The scandal surrounding classified documents found in President Biden's possession continues to snowball. Evidently, the National Archives informed Biden attorneys two months before the story became public last week. According to Rep. Mike Waltz (R-FL-6) in a recent tweet, however, "by my math, the documents in Biden's private office have been sitting there, unprotected for FIVE YEARS not 3 months — and who knows their sensitivity level. So, why trust Biden's OWN lawyers rather than involve the FBI?"
By my math, the documents in Biden's private office have been sitting there, unprotected for FIVE YEARS not 3 months — and who knows their sensitivity level.
So, why trust Biden's OWN lawyers rather than involve the FBI? pic.twitter.com/wRV79BPZ8K
— Rep. Mike Waltz (@michaelgwaltz) January 17, 2023
In a recent appearance on CNN, Waltz speculates that Biden has indeed held these classified papers for at least five years.
Host Alisyn Camerota states the FBI waited 16 months before carrying out the notorious raid on former President Donald Trump's Mar-a-Lago estate this past August. Conversely, only two months and no raid are enacted in the case of Biden, so she asks Waltz why the FBI should be involved.
"Well, your math is interesting, Alisyn," Waltz retorts, "because by my math, it's been five years that these documents have been sitting there."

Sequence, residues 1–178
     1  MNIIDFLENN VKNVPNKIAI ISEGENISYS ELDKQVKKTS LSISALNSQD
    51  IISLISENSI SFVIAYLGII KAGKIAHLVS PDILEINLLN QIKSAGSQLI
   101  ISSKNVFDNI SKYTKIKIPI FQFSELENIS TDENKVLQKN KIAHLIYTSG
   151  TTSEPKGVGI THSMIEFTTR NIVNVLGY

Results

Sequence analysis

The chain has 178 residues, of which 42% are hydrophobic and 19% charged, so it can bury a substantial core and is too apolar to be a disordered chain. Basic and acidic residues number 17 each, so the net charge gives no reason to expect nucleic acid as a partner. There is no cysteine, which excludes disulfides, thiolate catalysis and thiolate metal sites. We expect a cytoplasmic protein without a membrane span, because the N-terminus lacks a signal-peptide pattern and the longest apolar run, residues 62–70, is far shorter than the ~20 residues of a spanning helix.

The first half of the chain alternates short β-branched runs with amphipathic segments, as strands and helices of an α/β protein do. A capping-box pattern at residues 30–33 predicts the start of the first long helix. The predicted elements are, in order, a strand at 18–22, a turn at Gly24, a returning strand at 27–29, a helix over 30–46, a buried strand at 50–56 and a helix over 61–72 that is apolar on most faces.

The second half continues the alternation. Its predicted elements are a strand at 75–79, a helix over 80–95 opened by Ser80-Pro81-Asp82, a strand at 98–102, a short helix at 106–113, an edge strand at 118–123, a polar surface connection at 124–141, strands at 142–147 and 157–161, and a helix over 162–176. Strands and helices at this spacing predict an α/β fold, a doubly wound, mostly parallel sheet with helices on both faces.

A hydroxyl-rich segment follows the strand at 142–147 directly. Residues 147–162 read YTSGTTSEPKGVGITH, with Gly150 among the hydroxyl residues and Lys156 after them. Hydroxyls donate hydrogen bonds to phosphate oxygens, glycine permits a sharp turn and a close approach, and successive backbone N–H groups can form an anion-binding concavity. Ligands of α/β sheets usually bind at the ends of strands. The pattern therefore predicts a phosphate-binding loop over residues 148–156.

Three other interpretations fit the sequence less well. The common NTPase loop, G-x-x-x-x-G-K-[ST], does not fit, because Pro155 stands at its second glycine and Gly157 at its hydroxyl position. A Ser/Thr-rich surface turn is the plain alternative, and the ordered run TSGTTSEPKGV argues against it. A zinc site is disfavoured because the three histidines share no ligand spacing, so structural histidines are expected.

Consequently, he says, "if the White House's rendition of events is correct, that "we've done the right thing, we've told the National Archives, we've told the Department of Justice," why didn't they tell and do the right thing five years ago, four years ago, three years ago..."
Camerota interrupts Waltz to point out that these documents have only just been discovered.
Naturally, Waltz says this is precisely why he asks his second question.
"Why were thousand-dollar-an-hour, high-priced attorneys; suddenly on November 3rd; starting to look through these documents," asked Waltz.
More importantly, ever since, he adds that "the University of Pennsylvania said "we didn't ask them to clear out that office.""
From here, the question becomes "what drove that look and then disclosure in the first place? Let's add that to the whole list of questions."
Waltz concludes by saying he believes what needs to be looked into regarding these documents is "what was exposed? What were the nature of them? A lot has been made of "this was only twenty" versus three hundred. But it only takes one. This is about the quality, and the sensitivity of the documents, not just the quantity. And we have yet to get any answers, that's why we're going to have to investigate."